Effects of Work Pressure on Employee Safety Behavior in the Construction Industry in Ghana.

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November, 2016
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The construction industry generally continue to record relatively very high rates of workplace injuries and work related illnesses compared to many other industries globally. The situation is even worse in nascent economies where workplace safety laws and standards are far from adequate and monitoring and evaluation of safety performance is either minimal or practically non-existent. There is growing empirical evidence suggesting that work pressure has a positive relationship with work related accidents and injuries. This study scrutinizes worker perceptions about the effects of work pressure on their safety behavior and their exposure to accidents in the construction industry in Ghana. The study adopts a descriptive survey approach and uses primary data from a field survey of 187 construction site workers in Ghana. The results of the empirical investigation suggest that there are high levels of work pressure related accidents in the construction industry in Ghana. The findings also point to the fact that work pressure is mostly caused by work overload, delayed schedules, and a mismatch between employee skills and allocated tasks. Recommendations made based on the findings, suggestions made by the respondents of the study, and the reviewed literature include: construction firms in Ghana should employ appropriate number of employees to reduce work pressure caused by work overload; supervisors should encourage workers by providing incentives for hard work and appreciate worker effort and construction firms in Ghana should start projects on time.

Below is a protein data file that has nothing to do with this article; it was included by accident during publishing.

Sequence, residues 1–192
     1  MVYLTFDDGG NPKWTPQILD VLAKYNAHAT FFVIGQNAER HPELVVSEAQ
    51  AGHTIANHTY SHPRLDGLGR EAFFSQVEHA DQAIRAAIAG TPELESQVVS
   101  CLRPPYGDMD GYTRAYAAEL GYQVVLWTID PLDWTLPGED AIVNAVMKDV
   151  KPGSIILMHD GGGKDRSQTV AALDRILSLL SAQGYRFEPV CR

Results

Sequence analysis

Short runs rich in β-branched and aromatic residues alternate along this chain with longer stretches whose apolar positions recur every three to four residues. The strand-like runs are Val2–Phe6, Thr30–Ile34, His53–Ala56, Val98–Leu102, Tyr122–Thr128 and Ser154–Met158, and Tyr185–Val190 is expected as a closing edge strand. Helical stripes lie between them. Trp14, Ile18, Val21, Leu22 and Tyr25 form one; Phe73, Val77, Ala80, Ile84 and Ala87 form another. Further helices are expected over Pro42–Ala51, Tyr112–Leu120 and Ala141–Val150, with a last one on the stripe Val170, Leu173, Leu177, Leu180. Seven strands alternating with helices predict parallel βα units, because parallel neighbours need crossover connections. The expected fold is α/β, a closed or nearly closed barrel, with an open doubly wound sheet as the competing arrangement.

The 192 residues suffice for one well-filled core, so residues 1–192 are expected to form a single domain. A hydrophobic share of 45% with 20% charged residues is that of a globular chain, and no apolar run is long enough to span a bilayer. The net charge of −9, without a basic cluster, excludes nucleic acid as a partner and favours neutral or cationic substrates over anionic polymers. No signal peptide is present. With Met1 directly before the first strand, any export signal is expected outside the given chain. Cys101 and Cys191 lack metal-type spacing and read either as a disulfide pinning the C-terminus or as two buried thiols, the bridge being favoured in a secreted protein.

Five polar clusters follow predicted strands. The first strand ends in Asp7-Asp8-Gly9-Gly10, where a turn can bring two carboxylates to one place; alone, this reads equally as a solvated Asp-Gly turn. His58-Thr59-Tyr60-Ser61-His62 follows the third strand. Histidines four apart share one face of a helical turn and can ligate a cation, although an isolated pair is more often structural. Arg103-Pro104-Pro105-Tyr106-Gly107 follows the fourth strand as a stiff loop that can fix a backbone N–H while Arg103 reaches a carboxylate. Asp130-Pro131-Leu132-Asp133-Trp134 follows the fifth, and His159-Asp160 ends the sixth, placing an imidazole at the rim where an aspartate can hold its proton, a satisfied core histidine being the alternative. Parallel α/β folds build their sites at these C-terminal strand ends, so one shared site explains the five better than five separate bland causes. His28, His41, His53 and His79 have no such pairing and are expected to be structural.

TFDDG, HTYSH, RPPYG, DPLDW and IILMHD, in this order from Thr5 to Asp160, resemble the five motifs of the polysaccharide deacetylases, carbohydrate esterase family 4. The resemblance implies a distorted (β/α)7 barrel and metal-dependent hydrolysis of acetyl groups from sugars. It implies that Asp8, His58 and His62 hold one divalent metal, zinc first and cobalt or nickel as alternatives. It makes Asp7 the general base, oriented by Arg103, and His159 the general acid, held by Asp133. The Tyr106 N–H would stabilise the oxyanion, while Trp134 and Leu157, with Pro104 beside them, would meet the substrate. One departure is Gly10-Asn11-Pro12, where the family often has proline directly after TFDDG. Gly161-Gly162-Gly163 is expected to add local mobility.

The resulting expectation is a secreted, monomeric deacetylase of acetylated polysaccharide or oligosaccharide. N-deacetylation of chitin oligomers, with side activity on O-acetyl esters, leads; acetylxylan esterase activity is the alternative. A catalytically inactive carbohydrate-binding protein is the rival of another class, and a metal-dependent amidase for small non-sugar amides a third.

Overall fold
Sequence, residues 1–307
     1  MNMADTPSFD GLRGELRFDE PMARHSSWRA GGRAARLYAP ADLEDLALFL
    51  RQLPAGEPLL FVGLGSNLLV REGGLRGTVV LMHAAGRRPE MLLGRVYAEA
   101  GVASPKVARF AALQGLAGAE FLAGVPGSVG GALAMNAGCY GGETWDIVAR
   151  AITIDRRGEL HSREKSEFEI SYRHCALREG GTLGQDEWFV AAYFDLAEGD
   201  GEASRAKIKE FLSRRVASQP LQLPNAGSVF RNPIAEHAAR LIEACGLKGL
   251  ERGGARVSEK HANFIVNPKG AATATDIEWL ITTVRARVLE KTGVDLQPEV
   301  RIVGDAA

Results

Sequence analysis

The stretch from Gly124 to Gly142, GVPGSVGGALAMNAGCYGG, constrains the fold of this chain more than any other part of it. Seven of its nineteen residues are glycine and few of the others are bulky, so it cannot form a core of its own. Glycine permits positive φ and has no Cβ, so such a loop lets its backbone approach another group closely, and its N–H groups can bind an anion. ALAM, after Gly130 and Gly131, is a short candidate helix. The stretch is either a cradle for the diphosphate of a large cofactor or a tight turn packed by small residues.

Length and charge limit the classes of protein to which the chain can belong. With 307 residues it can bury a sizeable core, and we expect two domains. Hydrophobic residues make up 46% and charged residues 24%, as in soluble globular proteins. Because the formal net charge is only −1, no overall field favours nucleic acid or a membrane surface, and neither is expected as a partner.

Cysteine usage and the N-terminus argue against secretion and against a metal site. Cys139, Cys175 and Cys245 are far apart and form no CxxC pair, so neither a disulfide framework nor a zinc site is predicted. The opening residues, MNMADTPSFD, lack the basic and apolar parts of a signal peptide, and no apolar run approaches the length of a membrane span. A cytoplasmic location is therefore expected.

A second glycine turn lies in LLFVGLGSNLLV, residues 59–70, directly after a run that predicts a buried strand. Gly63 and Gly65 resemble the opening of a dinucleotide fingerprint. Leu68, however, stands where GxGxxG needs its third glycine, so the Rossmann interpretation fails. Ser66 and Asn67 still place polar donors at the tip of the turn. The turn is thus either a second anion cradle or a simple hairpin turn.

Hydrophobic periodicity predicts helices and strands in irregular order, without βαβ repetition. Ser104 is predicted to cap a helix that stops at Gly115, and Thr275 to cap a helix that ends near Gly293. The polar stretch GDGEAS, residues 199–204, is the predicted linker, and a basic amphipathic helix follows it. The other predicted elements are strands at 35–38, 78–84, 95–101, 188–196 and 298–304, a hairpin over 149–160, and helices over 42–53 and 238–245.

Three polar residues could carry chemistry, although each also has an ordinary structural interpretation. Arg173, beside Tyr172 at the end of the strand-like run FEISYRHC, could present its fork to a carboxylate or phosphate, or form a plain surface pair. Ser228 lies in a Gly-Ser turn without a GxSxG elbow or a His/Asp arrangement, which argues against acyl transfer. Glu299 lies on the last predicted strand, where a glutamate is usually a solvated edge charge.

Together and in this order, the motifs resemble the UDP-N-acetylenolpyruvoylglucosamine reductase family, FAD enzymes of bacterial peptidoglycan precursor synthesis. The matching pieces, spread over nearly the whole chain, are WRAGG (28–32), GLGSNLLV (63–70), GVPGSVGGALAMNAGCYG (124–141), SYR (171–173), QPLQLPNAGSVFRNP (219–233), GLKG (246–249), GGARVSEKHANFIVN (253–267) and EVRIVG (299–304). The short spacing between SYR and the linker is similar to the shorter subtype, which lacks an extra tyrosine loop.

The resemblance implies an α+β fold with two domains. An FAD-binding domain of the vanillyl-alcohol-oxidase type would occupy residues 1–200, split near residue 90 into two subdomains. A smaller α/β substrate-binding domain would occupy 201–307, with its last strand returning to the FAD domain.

A Thesis submitted to the Department of Building Technology, College of Art and Built Environment in partial fulfillment of the requirement for a degree of Master of Science.